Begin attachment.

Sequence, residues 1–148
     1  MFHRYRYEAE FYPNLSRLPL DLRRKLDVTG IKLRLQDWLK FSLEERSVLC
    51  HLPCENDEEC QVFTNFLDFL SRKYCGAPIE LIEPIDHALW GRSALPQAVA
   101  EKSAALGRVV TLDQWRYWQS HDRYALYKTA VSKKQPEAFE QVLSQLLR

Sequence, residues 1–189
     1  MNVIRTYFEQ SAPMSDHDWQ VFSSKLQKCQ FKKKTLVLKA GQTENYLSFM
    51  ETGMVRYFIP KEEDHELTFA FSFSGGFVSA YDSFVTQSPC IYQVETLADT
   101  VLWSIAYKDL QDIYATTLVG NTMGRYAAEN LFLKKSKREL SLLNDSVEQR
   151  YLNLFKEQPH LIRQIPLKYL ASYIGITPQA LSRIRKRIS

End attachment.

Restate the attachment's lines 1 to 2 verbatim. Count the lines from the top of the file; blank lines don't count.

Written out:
Sequence, residues 1–148
     1  MFHRYRYEAE FYPNLSRLPL DLRRKLDVTG IKLRLQDWLK FSLEERSVLC